While the Government has also destroyed the competitive market for companies, by largely sidelining hostile takeover bids. In any event issuing poorly rated paper for poorly rated paper never sounds great. But that closes out profitable exits; sure you get insiders sweeping the Aim floor for cheap deals, but by definition those are not competitive, you can’t have two sides both inside.

The government knows that almost any deal has a loser, or someone not as well protected for life, as they had hoped. Which means media noise and MP’s getting lobbied, so far better to ‘long grass’ it, via a competition investigation. Isn’t it odd that the competitive market in asset allocation created by an active takeover market, is the one market the competition authorities simply won’t investigate. But without that cheap stocks just stay cheap, it is why buy backs are so prevalent: the companies are right, the price is wrong.

Of course, index investing has issues, you buy the bomb maker, cigarette seller and dodgy legal firm all in one bundle, but that’s the game. If it is big enough, it goes in the index, and you buy the package.

And hot stocks are likely to favour low commission markets, and low transaction costs. It may be an accident, that UK commission and tax is based on total deal value, but US commission is based on share count (and there is no stamp tax). But it does mean that you buy a share in Berkshire Hathaway for the same dealing cost as one in Game Stop, or if you prefer Nvidia and Trump Media.

Assuming sanity, you trade in the US, or in stamp free index ETF’s, not UK stocks. Although the FCA are fighting a rearguard action against both ideas, with the discrimination against holding ETFs seeming particularly bone headed and indeed against consumer interests.

But few stocks, fewer markets, more hot stock volatility, it is just the way we have set it up, don’t be surprised that is how capital is now allocated, growth funded, prosperity achieved and destroyed.


As for this market, it had to break, we have said it for a while.

Levels have dropped sharply, and money is rotating back into bonds, or at least not flowing out of bonds.

Waiting to see through the summer, when that first rate cut arrives and who wins the US Presidential election, is all impacting the hot flows and making staying in cash feel easier.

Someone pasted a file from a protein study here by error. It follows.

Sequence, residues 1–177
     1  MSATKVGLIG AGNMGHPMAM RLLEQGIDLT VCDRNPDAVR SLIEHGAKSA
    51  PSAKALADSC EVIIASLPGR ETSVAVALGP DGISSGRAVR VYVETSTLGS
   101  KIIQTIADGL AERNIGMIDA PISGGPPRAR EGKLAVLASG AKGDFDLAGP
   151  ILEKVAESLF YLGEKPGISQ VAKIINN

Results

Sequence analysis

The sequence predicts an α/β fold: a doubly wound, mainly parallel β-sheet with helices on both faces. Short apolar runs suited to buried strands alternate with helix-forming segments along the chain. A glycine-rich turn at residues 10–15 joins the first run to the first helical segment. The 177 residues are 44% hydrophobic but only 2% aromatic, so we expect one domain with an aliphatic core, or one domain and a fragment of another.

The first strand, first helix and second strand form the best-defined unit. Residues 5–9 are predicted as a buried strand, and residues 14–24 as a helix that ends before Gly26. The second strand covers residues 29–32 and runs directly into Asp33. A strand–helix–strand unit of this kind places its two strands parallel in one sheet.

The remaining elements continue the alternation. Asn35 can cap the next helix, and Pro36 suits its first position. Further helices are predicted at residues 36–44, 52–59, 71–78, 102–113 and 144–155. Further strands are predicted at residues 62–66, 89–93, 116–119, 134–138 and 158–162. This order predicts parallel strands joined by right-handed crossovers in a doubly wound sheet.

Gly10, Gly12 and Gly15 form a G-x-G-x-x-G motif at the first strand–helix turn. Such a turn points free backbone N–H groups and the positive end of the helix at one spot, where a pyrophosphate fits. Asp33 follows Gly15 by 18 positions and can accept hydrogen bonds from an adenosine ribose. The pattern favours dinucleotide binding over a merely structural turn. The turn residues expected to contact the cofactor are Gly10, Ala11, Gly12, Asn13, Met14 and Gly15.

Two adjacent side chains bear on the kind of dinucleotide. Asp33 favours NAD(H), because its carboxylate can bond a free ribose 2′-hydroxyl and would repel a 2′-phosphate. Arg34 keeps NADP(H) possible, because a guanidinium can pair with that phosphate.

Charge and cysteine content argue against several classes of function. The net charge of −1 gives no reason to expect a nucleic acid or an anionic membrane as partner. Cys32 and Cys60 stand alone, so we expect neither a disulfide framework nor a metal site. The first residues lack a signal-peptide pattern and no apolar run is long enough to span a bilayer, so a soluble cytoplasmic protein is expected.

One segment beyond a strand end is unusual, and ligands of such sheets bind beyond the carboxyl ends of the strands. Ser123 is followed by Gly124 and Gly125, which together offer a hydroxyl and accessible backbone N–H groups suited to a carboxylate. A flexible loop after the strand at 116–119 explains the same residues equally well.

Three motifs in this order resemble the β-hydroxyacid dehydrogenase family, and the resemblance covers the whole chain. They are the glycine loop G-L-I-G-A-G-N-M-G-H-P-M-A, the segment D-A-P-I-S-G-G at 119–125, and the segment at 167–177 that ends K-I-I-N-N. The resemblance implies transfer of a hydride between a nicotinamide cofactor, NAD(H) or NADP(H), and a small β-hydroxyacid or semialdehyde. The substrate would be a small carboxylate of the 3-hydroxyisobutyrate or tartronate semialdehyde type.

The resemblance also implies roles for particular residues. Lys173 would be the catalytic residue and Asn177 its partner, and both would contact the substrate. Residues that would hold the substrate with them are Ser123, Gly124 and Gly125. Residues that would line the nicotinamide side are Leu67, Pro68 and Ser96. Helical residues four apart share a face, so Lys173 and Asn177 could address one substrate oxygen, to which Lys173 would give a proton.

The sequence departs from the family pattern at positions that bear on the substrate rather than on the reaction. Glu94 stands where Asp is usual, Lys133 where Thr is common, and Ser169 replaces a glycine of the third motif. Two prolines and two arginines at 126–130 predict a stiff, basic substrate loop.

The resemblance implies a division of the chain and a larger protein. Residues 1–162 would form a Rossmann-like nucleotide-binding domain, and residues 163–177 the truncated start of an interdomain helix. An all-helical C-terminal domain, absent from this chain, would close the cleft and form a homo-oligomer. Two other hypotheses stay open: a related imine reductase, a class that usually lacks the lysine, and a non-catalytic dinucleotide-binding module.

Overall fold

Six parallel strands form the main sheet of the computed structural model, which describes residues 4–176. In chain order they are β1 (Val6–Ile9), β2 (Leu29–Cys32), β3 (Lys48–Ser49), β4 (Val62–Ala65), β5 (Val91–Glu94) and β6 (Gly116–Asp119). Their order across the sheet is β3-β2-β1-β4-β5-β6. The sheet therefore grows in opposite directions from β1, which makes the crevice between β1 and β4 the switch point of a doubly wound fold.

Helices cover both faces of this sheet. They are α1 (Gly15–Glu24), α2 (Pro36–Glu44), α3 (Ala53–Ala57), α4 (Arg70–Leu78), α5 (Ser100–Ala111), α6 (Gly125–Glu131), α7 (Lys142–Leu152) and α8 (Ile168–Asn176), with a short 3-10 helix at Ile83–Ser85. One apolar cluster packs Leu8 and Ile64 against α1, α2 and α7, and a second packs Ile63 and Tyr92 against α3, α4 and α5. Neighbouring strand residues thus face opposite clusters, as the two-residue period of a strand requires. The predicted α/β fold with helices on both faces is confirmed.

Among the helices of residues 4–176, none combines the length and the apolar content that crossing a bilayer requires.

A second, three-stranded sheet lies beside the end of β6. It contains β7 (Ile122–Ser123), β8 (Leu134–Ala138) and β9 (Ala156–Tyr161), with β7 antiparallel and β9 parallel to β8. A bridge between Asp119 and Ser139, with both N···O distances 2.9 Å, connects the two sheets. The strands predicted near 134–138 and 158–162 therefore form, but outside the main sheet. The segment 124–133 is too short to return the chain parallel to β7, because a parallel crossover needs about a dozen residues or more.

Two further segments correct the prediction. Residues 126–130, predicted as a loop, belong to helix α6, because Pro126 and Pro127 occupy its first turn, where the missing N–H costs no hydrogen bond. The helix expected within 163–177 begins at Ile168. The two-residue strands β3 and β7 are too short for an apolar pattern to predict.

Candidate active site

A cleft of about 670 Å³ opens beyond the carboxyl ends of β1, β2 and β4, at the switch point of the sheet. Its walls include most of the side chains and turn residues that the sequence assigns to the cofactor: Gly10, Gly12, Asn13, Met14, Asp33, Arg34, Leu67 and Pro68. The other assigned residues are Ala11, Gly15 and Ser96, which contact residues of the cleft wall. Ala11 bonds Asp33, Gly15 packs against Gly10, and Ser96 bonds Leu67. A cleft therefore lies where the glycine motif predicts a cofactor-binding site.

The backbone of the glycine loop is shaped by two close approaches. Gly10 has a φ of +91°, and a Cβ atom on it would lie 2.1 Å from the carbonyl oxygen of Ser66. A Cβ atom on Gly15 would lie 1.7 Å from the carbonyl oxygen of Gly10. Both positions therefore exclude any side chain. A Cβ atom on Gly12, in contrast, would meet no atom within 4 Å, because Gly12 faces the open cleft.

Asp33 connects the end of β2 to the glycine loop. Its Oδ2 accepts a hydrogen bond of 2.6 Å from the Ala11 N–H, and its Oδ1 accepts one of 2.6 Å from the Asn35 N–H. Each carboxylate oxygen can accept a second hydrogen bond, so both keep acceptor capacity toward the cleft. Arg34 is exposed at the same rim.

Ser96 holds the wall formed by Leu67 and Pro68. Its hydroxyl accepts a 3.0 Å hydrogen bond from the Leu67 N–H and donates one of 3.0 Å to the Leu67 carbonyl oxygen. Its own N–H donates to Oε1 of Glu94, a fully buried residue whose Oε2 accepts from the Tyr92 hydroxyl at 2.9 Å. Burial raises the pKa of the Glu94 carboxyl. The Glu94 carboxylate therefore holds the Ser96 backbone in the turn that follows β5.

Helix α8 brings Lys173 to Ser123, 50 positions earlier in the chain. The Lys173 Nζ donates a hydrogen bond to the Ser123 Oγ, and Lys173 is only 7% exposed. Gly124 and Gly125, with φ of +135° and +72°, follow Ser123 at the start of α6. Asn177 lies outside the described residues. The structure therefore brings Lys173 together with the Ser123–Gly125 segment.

While a more sinister undertow is coming from the narrative that the terminal interest rate settles out higher.

Our core assumption is still that real interest rates are now in a steady decline, but the equity bonanza of negative real rates is not coming back anytime soon. While for now, only one Central Bank and one market is going to keep on winning the hot money race. No prizes for second anymore.

The Winner Takes It All.

a hand shuffling cards, with a background of a graph showing stock market movements

Sleight of Hand

This week, we speculate as to what the FCA is really after in their Practitioner Survey.  How closely do their actions follow their words, with the new Consumer Duty laws? And we also look at Hunt’s budget and the likely forthcoming non-impact on stock markets.


Periodically member firms get quizzed on how we see the FCA; this time they promised a shorter form. Well, if that’s shorter, I’d hate to see the long one. Take a look here. Thirty-nine questions, but so many cover multiple topics, it feels more like a hundred.

It is typical of such surveys designed by marketing advisors: a few soft questions, how are you today type guff, a few “have you stopped beating your wife” ones, just to check you are actually awake, then a lot of navel gazing on SICGO. They really despise it.

This is purportedly about promoting competition. Which actually makes the regulator’s job harder – encouraging more firms and lowering the barriers to entry for new firms.  The FCA does not like that idea much; so, note, it is a SECONDARY International Competitiveness and Growth OBJECTIVE, get the Secondary stress, minor, icing on the cake stuff. Objective, so just an aspiration, not real. Their minutes (above) even admit that.